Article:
Interesting ITSM Links for the Week

This week’s interesting links include two webinars geared toward services management and support in a higher education context. See you next week!

 

Interesting ITSM Links: Service Desk edition

Welcome back! This week’s interesting links have an emphasis on the service desk. The EDUCAUSE discussion thread on extending hours of support is a great conversation among several universities regarding how they’ve increased their hours of support through a variety of means.

Supplemental Interesting ITSM Links: Digital Age edition

I ran across a few interesting webinars on BrightTalk recently that use the “digital age” and the “digital enterprise” as a way to explain offering service to customers. Although it’s true that electronic devices and systems have re-shaped workflows and how we interact with customers, we shouldn’t forget that basic ideas about service and support remain true. The “digital” element means we have to be aware of how customers and users wish to receive services, taking in to account modern tools and techniques to achieve those goals.

Collecting and Organizing Information about Services

Signpost -- Where to?I’ve recently started a small service management program for my department. Because it’s a one-man effort for now, I’m mostly focusing on collecting information to organize in a service portfolio. My goal is to collect enough data about our services so I can write get some common descriptions written, approved, and filed.

Like most early-stage efforts of this sort, I’m not yet using a service management tool to categorize the information. As I’ve started conducting research about service management programs at various universities, it’s struck me how common it is for departments to continue using spreadsheets to capture and organize service data. I suppose it’s faster to update an Excel file than to work in a database.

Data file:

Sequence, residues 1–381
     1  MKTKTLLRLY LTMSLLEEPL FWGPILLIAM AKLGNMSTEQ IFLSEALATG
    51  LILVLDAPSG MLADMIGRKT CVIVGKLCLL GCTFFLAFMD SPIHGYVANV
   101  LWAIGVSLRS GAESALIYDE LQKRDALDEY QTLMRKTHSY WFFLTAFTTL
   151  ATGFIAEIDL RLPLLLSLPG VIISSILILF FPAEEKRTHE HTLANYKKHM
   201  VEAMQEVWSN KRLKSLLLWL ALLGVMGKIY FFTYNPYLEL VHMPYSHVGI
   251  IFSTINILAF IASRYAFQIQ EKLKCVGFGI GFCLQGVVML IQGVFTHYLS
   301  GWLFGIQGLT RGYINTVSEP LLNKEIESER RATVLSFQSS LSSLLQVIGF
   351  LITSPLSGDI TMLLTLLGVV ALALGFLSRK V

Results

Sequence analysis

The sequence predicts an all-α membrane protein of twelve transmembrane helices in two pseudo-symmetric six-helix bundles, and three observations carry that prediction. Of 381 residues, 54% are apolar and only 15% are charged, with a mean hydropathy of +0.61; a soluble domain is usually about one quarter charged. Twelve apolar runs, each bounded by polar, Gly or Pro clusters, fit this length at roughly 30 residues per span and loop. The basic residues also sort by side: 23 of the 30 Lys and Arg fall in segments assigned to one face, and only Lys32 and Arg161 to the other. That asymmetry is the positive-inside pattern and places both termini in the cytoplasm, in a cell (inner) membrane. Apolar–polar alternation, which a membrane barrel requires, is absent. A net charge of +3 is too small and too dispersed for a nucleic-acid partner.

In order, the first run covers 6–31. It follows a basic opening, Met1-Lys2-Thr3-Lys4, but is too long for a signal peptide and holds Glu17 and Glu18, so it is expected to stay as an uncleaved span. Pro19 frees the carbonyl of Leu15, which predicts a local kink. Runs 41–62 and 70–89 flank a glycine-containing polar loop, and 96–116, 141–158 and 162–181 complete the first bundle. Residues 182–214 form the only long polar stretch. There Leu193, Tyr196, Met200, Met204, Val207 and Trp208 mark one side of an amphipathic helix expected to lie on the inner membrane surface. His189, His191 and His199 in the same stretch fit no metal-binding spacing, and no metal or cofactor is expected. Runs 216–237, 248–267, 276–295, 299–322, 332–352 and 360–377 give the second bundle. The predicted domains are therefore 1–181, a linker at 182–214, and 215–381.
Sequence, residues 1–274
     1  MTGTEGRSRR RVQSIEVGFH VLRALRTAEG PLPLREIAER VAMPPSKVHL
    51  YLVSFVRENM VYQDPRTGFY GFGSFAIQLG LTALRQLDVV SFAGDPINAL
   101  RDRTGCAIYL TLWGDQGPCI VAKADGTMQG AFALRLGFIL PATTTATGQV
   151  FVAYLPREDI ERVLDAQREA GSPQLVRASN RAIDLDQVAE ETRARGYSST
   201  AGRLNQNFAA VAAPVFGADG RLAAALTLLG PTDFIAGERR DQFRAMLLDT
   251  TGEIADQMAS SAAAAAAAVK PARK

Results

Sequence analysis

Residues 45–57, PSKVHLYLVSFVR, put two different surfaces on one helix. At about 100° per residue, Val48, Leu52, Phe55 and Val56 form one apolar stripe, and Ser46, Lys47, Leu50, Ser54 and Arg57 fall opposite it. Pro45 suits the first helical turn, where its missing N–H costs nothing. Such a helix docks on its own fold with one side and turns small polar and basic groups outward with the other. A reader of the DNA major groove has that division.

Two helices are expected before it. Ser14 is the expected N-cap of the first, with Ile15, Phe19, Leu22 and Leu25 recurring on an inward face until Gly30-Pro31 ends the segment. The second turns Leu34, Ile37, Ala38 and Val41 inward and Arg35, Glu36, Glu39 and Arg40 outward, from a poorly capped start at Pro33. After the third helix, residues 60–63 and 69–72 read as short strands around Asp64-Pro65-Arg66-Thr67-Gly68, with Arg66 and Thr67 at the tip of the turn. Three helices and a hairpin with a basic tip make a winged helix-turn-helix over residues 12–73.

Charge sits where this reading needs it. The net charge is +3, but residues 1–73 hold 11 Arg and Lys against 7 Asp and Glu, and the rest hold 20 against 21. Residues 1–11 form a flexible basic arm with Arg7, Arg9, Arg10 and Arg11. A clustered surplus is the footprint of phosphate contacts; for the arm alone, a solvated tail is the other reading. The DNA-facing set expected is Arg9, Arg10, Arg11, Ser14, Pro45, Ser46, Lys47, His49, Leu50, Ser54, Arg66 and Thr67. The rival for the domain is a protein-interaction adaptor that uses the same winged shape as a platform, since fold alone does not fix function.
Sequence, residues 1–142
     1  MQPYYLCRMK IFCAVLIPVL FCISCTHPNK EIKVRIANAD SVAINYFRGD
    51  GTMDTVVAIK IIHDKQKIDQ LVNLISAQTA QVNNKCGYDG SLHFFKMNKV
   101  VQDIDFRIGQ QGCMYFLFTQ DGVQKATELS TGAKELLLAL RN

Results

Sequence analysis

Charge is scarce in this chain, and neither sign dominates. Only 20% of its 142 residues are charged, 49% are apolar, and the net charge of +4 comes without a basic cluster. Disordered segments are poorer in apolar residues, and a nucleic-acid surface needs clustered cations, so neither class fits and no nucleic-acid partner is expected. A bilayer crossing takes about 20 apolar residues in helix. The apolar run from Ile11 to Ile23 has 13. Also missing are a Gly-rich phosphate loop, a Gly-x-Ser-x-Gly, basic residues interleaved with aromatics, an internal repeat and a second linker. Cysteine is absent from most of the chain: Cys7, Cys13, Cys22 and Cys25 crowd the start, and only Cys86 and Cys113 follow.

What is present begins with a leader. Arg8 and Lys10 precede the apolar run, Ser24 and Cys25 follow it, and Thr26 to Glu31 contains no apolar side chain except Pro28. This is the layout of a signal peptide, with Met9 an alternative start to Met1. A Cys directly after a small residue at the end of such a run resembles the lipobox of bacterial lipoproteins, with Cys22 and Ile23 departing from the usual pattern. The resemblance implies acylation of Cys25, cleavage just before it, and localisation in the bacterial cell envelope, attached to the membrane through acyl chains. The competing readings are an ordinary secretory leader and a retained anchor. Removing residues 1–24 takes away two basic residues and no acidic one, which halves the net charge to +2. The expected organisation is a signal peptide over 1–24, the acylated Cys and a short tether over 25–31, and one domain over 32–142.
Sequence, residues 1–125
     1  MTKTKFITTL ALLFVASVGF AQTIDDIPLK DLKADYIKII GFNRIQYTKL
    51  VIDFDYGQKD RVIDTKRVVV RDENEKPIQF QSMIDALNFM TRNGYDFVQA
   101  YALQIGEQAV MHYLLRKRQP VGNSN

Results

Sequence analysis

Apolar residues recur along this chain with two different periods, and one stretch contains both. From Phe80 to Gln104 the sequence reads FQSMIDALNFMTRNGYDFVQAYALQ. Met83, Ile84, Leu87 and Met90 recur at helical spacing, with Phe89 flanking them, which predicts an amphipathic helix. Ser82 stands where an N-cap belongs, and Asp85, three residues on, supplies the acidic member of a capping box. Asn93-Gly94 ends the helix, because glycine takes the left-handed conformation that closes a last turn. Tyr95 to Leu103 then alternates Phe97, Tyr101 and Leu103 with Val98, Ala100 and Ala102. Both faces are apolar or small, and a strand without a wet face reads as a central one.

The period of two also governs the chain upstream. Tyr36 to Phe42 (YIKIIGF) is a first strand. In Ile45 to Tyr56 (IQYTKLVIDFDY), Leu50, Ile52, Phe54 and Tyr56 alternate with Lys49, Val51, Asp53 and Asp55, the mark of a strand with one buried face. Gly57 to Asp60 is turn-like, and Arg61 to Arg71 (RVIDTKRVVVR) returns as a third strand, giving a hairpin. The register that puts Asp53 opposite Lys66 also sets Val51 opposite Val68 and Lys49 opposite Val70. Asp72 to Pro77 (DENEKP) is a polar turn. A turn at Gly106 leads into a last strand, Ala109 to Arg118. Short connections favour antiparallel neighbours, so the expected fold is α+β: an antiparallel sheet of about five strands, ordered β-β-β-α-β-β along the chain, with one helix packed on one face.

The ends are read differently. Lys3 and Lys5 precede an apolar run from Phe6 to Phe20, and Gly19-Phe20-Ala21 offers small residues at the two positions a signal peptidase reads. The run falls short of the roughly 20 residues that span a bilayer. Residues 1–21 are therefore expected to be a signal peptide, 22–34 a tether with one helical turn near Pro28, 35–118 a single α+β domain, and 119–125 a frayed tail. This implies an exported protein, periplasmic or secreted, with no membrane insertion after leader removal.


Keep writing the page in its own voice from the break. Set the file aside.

My first set of considerations with developing a service portfolio was figuring out a basic organizational structure. As is the case with most IT services, certain services and tools can be grouped together in a logical fashion. For the moment, I’m using fairly broad categories and focusing on customer-facing services. It made sense to handle those first because they describe customer value more readily and can be defined more quickly. They’re also easy to refine later in the process.

At first, I adopted a very simple numbering scheme and documentation format for service descriptions.

  • Title: Svc-001
  • Name: Technology Enhanced Classrooms
  • Description Details: [one or two paragraph broad description, followed by a series of bullet points outlining specifics]

The format was pretty basic and didn’t address change management needs. It didn’t take long before I realized the inherent flaws in this scheme. I revised it just a bit.

  • Title: Svc-01-001
  • Name: Technology Enhanced Classrooms
  • Description Details: [one or two paragraph broad description, followed by a slightly longer series of bullet points outlining specifics]
  • Changelog: [running list of bullets with dates and change details]

This format has its flaws as well, and I intend to revise the scheme further. As I’ve started using these descriptions on a frequent basis, I’ve realized a good service portfolio entry needs at least:

  • service name,
  • a logical numbering scheme for organization,